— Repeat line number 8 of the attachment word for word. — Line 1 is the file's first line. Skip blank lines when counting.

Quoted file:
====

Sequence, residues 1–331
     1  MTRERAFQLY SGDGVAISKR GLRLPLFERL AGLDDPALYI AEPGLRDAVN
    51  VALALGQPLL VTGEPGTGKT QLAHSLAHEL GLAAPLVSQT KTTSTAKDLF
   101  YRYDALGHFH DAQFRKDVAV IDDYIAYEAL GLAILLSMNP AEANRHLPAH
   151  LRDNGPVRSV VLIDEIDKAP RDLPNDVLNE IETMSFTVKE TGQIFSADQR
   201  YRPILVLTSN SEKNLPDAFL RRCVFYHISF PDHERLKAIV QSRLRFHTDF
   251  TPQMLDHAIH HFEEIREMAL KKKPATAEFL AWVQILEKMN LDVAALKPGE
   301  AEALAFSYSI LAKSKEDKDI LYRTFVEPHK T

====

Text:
   301  AEALAFSYSI LAKSKEDKDI LYRTFVEPHK T